LOS ANGELES – In the days following the mass shooting at Sandy Hook School in Newtown, Conn., NBC pulled a Blake Shelton holiday special at the last minute as it contained an animated segment about reindeer killing, Showtime gave special warnings before season finales of the thriller series “Homeland” and “Dexter,” Fox yanked an episode of “American Dad,” and TLC postponed its “Best Funeral Ever” special.
In the film industry, Paramount canceled premiere events for “Jack Reacher” and removed commercial images of Tom Cruise firing a gun, while The Weinstein Co. pulled the plug on the star-studded premiere of “Django Unchained.”
In the weeks following the massacre, a number of entertainment industry representatives including Motion Pictures of America Association (MPAA) chief Sen. Chris Dodd, Comcast executive vice president David L. Cohen, Directors Guild of America executive director Jay Roth, and National Association of Theater Owners John Fithian, met with Vice President Joe Biden as part of the White House's ongoing dialogue regarding gun violence.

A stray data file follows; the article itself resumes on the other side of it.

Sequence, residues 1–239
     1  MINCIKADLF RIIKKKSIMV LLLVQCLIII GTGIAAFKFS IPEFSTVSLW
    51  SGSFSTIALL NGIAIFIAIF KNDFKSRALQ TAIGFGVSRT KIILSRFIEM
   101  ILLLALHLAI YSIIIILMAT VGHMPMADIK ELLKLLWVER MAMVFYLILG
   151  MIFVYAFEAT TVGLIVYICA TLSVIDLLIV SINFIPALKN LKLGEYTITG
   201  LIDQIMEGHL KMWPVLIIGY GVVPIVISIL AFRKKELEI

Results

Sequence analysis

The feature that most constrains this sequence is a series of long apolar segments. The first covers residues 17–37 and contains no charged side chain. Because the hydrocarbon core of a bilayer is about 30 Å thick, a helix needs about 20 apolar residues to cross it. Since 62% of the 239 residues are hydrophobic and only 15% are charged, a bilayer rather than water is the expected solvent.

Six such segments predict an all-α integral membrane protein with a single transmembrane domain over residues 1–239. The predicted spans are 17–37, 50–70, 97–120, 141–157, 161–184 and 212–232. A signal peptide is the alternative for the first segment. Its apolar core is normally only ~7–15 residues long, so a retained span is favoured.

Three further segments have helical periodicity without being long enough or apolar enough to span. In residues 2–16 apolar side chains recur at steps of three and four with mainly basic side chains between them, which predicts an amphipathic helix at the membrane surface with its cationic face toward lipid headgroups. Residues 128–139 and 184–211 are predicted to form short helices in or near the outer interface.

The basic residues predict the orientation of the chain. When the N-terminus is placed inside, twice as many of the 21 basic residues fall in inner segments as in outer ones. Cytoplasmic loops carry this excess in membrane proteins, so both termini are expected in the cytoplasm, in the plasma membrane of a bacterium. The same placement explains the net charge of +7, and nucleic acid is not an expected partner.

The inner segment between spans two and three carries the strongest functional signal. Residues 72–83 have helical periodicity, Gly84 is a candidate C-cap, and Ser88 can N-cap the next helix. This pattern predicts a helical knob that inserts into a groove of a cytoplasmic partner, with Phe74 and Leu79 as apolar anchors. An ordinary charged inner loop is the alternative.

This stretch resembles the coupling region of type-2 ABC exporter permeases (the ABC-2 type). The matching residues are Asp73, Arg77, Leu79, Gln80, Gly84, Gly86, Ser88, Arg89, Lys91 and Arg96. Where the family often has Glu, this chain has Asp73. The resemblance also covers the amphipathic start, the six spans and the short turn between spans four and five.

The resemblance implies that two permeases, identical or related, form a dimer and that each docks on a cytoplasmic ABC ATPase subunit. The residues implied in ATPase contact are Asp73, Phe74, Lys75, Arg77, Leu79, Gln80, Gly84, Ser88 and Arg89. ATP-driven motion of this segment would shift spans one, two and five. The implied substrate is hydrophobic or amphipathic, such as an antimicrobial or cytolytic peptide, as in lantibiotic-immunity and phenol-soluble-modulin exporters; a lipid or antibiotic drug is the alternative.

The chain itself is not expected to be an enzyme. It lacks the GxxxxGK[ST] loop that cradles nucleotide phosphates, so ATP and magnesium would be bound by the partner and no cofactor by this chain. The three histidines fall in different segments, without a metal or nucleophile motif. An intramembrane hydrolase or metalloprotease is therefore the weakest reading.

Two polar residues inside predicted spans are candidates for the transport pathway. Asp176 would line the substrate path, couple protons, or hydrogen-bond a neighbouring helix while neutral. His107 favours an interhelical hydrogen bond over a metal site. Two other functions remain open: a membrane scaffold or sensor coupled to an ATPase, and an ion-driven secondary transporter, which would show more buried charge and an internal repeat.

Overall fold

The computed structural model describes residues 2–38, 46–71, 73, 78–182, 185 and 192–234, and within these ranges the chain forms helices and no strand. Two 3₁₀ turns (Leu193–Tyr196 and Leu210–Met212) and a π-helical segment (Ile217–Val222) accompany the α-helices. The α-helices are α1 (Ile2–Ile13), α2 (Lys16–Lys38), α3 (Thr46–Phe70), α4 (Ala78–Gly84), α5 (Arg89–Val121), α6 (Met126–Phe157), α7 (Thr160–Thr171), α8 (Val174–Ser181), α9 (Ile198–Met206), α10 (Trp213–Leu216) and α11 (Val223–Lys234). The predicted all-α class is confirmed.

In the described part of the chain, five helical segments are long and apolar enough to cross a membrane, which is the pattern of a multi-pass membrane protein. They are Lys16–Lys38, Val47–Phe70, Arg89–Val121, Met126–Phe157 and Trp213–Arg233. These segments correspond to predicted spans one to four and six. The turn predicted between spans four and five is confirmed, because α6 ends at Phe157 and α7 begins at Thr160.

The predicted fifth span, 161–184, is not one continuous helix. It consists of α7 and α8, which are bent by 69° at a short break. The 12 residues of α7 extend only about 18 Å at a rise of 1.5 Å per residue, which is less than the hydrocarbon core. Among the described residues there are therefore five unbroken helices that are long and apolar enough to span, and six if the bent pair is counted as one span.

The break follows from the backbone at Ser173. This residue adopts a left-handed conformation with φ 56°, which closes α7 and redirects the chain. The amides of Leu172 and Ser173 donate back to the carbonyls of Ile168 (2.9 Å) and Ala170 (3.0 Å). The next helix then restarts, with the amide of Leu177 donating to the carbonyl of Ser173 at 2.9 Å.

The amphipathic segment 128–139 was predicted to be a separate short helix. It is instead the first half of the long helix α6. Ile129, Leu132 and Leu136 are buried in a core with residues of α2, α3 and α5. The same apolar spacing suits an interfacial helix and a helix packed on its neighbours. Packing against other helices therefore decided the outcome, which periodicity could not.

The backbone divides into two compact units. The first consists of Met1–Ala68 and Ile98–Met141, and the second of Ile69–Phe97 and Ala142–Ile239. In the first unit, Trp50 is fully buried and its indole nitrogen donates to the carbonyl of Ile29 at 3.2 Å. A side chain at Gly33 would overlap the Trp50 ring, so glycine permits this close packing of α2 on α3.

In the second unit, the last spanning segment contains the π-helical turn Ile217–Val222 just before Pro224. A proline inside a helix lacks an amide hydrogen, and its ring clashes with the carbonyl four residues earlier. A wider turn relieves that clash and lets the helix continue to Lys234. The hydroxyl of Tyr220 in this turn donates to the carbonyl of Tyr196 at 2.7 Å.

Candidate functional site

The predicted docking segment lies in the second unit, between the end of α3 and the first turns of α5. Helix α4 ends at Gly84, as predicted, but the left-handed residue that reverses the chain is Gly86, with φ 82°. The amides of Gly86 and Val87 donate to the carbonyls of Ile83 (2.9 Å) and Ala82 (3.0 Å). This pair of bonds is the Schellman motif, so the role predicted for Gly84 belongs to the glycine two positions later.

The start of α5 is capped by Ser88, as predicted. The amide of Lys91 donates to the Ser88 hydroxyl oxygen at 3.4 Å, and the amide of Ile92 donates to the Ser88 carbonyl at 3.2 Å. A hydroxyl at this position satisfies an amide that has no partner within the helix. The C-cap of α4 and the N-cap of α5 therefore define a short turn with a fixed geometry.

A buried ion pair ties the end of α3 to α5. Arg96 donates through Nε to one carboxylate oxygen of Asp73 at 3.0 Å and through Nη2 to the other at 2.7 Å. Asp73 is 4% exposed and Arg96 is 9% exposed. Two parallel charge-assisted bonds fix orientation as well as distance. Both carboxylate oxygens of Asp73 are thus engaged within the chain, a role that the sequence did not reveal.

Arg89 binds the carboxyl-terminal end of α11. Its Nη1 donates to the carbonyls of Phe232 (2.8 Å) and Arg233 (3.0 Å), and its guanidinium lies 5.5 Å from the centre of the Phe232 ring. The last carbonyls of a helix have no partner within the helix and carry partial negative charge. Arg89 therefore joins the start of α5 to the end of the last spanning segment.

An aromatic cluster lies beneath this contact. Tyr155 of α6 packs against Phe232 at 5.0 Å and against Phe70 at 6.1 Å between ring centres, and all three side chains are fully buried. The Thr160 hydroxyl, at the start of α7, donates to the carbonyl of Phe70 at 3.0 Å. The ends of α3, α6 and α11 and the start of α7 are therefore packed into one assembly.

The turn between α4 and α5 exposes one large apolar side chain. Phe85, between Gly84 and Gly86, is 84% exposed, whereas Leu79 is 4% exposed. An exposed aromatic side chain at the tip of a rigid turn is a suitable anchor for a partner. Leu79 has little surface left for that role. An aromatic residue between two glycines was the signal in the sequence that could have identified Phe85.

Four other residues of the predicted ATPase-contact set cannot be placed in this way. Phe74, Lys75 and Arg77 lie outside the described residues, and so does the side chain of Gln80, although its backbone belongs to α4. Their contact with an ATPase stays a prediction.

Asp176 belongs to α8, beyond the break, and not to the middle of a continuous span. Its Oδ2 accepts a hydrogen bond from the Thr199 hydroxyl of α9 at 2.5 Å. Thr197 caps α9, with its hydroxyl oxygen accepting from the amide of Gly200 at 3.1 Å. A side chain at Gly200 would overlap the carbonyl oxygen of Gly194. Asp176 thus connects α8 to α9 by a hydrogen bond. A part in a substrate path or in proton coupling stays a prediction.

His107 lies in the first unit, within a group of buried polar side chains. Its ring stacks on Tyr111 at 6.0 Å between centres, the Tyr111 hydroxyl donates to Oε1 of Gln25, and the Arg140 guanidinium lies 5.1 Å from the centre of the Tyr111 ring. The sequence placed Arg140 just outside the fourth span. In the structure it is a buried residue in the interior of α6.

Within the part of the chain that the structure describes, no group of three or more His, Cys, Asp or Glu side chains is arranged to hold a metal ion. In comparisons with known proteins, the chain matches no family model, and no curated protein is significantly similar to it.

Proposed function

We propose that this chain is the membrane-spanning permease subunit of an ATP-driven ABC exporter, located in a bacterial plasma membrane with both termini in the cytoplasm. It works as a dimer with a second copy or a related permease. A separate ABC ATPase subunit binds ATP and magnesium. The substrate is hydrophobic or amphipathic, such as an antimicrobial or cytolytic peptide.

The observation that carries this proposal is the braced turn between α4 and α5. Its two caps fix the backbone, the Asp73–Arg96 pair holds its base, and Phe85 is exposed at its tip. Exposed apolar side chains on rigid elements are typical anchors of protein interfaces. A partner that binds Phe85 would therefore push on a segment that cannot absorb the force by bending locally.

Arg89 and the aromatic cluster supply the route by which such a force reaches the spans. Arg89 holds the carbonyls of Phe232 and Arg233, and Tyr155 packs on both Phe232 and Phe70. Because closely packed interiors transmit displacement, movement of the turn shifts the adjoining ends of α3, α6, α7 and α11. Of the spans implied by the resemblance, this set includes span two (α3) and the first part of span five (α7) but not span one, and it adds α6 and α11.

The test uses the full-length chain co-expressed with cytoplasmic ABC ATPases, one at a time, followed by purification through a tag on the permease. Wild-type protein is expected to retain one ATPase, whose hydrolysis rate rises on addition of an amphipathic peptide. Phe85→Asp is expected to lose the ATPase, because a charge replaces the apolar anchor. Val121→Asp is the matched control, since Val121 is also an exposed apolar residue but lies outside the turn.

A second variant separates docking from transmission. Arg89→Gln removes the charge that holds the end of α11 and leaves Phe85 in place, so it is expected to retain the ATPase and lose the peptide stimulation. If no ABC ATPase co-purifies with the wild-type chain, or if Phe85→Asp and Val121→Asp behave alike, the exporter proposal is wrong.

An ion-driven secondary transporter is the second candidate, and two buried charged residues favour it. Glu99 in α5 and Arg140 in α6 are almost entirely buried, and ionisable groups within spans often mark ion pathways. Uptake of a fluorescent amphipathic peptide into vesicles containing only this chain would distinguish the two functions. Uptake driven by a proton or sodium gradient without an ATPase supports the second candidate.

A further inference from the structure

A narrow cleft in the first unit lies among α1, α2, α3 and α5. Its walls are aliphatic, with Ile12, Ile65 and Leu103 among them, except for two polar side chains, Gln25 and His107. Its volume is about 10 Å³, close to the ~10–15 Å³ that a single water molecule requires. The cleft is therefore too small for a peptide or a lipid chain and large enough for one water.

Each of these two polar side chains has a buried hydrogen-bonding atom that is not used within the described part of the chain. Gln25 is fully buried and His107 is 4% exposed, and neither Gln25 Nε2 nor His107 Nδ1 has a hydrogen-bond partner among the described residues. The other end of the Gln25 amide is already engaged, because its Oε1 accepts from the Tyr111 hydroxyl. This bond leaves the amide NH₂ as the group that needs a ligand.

“We want to explore what we can do to provide parents and others with the information for them to make choices on what they want to see and what they want their children to see,” Dodd told The Hollywood Reporter in early January. “That's a legitimate space for us to be in. It's all voluntary. What we don't want to get involved with is content regulation. We're vehemently opposed to that. We have a free and open society that celebrates the First Amendment."
And a film industry that apparently still celebrates gun violence. While many Hollywood heavyweights – including actors Susan Sarandon, Sarah Silverman, Rashida Jones, Alexander Skarsgard, Bette Midler, and Ben Stiller -- have been busy calling for gun restrictions, there seems to be no stomach for voluntarily restricting violence in films.
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Next month, Paramount’s “G.I Joe Retaliation” and Film District’s “Deadman Down” open in theaters, Universal’s “Fast & Furious 6” comes in May, and in June get ready for Sony’s “White House Down,” and Universal’s “Kick Ass 2.” July is scheduled to bring Universal’s “R.I.P.D” and Warner Bros’ “Pacific Rim,” in August, Warner’s “2 Guns” bows, and in September expect Universal’s “Riddick” and Open Road Films’ “Machete Kills.” For October, we’ll see Relativity Media-distributed “Malavita” and Warner’s “Seventh Son,” and November will welcome the controversial yet wildly popular second installment of Lionsgate’s “The Hunger Games: Catching Fire.”